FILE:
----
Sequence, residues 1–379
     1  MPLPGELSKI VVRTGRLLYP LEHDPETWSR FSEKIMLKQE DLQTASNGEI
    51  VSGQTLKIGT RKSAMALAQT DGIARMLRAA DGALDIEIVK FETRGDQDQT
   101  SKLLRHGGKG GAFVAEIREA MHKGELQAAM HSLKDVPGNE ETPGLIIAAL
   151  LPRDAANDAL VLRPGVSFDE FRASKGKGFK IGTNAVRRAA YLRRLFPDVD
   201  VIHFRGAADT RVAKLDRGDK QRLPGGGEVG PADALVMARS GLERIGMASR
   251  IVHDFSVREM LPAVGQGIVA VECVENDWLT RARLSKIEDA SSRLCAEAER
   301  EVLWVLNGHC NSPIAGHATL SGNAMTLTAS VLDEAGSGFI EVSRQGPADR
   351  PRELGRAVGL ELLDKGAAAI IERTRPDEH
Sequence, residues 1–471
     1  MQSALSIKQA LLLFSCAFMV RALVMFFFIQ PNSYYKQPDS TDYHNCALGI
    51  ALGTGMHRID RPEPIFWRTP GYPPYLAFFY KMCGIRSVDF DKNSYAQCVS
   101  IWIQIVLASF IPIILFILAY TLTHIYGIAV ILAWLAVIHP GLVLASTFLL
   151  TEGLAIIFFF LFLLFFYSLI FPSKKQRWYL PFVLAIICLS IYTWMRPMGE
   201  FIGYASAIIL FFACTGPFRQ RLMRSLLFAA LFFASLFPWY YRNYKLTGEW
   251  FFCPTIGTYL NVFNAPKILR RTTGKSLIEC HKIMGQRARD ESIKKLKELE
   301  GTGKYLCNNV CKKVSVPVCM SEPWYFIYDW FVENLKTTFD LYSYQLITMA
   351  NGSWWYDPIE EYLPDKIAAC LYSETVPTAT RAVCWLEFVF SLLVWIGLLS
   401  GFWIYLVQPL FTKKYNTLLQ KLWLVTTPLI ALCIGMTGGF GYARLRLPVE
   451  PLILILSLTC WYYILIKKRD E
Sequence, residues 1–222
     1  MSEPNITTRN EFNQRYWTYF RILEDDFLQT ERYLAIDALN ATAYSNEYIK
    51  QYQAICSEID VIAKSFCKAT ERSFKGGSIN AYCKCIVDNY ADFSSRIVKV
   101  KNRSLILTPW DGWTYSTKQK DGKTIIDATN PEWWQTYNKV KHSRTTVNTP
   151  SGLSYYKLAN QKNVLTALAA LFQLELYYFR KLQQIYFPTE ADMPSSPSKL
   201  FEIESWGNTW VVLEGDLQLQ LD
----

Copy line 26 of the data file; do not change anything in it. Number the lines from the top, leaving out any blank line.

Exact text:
   201  FEIESWGNTW VVLEGDLQLQ LD